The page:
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the conviction of our consciences and with the habitual frame of our minds? O let us not deceive ourselves in the use of "a form of sound "words," for God searcheth the heart. How awful are the general insensibility and hypocrisy which prevail in our church! We repeat creeds, make confessions, and utter prayers, with as much carelessness as we read an anecdote in a newspaper, or recite some trifling occurrence in which we are utterly uninterested. Confession without contrition, and prayer without desire, are a mockery of God.

Our collect, in the second place, contains an earnest request founded on the foregoing confession. We pray "that by the comfort of Di"vine grace we may mercifully be relieved, "through our Lord and Saviour Jesus Christ."

Distress of conscience, arising from a sense of guilt and obnoxiousness to punishment, is evidently supposed in all those who offer up this prayer; for to this the relief which is implored relates. Are our consciences then wounded by a conviction of sin? And are we indeed solicitous for relief? It is a scriptural axiom, that "they who are whole need not a physician, but "they" only "who are sick." If the reader's confession has been sincere, the use of our collect will prove "an outlet of trouble, and an "inlet of consolation."

The relief which we implore is a deliverance from guilt and the fear of punishment, including a restoration to peace with God and an assurance of His favour. And Oh, how important a request! for in God's favour is life, and in nothing else. And this relief is asked of God with the highest propriety, since He only can afford it. Of the maxims of philosophy, the rules of ethics, and the directions of the Divinelaw, we may truly assert, that, with respect to the relief of a burthened conscience, they are medicines of no virtue, and that those who prescribe them are like Job's friends, "physicians "of no value" and "miserable comforters." There is, however, blessed be God, "Balm in "Gilead, and a Physician there." But even the Balm of Gilead cannot relieve the sin-sick soul unless it be applied; and no one can effectually apply it but the great Physician. The minister of the Gospel may promulgate the doctrines of grace, but he cannot give "the com"fort of God's grace." This must be sought from God, whose Spirit must communicate its influence to the afflicted heart.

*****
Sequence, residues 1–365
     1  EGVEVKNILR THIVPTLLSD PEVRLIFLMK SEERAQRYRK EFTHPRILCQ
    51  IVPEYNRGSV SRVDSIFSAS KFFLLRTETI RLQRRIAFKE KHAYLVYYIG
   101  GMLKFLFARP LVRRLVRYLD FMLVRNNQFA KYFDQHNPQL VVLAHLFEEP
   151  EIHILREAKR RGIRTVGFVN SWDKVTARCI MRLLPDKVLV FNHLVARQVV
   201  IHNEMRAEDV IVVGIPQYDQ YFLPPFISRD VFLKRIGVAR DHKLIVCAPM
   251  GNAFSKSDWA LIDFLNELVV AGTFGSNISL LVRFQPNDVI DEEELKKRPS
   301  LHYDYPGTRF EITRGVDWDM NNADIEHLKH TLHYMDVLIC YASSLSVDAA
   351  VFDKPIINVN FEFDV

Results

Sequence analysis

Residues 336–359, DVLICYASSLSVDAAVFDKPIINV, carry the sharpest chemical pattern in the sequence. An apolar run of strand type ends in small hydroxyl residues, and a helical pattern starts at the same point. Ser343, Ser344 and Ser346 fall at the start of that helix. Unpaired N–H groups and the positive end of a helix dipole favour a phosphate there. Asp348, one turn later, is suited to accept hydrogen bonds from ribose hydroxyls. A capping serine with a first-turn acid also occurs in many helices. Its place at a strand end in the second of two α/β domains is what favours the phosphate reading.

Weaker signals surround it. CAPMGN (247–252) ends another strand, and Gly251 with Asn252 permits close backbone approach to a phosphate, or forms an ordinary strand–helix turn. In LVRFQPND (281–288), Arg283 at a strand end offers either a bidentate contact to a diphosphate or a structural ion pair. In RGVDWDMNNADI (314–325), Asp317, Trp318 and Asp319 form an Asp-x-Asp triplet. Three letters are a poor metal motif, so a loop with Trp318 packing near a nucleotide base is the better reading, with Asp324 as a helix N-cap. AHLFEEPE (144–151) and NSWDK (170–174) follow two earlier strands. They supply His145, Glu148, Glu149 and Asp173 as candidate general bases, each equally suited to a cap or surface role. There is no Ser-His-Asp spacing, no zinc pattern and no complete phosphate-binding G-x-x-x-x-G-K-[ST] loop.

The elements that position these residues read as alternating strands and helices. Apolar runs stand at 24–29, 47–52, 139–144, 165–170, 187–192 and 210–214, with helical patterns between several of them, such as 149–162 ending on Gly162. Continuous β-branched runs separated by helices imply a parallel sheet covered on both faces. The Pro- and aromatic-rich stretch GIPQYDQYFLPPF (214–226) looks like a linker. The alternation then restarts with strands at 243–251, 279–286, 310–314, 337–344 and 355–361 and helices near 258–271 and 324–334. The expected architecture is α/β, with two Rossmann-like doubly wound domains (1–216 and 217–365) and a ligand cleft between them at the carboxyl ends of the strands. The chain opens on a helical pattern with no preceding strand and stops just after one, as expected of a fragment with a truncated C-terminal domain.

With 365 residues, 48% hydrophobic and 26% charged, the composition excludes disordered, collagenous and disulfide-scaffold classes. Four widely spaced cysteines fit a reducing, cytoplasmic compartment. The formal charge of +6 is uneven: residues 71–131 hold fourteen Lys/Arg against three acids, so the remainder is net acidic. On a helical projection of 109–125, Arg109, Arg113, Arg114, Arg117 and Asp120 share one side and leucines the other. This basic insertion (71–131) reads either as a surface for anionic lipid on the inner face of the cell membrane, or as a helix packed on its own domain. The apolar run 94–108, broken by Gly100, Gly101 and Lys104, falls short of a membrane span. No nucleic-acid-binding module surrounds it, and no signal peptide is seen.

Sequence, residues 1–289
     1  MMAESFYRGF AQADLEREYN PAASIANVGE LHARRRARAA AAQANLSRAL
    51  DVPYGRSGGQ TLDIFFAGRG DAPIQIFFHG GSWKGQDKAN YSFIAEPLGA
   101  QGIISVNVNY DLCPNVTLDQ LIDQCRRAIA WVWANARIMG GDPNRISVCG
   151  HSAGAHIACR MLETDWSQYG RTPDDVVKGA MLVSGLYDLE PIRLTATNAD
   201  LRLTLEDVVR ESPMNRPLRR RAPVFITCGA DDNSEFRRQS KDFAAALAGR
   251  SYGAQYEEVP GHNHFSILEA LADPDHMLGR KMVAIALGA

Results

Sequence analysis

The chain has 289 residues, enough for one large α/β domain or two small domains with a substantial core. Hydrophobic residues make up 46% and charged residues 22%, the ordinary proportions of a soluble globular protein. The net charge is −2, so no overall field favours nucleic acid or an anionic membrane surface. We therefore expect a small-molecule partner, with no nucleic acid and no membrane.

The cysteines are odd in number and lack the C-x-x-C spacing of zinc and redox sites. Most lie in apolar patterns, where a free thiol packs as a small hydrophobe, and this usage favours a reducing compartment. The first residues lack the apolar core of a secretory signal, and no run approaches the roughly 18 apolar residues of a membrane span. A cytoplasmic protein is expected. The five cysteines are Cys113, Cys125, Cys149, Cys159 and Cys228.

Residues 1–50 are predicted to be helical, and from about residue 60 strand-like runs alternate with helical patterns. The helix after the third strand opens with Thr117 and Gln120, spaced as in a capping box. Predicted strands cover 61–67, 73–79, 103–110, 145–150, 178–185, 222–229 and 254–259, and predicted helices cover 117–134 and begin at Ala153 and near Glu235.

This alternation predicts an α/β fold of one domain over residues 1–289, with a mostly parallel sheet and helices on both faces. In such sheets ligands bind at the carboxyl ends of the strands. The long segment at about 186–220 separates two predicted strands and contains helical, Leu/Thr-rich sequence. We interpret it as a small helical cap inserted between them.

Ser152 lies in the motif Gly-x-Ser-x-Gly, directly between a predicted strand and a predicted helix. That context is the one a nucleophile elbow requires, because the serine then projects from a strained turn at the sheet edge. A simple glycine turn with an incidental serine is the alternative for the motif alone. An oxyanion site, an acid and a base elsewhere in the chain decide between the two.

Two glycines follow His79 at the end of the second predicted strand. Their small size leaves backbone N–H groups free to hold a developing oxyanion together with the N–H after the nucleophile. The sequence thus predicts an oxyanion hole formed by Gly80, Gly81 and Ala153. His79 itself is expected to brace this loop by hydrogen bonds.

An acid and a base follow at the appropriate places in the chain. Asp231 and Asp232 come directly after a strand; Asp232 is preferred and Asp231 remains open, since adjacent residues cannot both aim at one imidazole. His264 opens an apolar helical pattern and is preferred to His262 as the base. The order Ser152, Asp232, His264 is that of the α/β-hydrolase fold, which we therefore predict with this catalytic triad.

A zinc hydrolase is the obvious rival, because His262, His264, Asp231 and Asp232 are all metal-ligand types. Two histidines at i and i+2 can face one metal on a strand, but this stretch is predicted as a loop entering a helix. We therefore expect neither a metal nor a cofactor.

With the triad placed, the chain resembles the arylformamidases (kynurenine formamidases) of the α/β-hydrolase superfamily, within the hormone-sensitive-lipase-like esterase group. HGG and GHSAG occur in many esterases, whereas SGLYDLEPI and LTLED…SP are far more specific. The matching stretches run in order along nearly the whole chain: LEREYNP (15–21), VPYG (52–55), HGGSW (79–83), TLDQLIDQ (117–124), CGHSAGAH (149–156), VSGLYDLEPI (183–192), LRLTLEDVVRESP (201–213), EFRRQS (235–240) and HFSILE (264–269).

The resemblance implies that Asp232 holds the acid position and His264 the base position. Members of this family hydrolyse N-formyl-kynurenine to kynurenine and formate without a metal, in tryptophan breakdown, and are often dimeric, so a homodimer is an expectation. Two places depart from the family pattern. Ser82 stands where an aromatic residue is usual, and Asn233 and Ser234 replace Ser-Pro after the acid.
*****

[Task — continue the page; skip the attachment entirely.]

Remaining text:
The source from which this relief is implored is "the comfort of Divine grace." And to this we may indeed look with a confident persuasion that we shall not be disappointed. For it has made a full provision for our everlasting consolation. A revelation of this grace to the soul removes all its distresses by removing their cause, even sin. And we are assured that, "if we "confess our sins," as we do in the sincere use of our collect, "God is faithful and just to "forgive us our sins, and to cleanse us from all "unrighteousness." Let those then, who are truly conscious that they have "worthily »le"served to be punished," raise their eyes to the throne of grace. There, and there only, is comfort to be obtained. There God " waiteth "to be gracious." Let them remember that God can be "just and the justifier of him that "believeth in Jesus." And Oh, "what abundant cause of comfort may this be to all true believers, that God's justice as well as His

mercy shall acquit them: That that attribute of God, at the apprehension of which they were wont to tremble, should interpose on their behalf and plead for them! Yet through the all-sufficient expiation and atonement that Christ hath made for our sins, this mystery is effected, and justice itself brought over from being a formidable adversary to be of our party and to plead for us. Therefore the Apostle tells us, 1 John i. 9, that God is faithful and just to forgive us our sins."*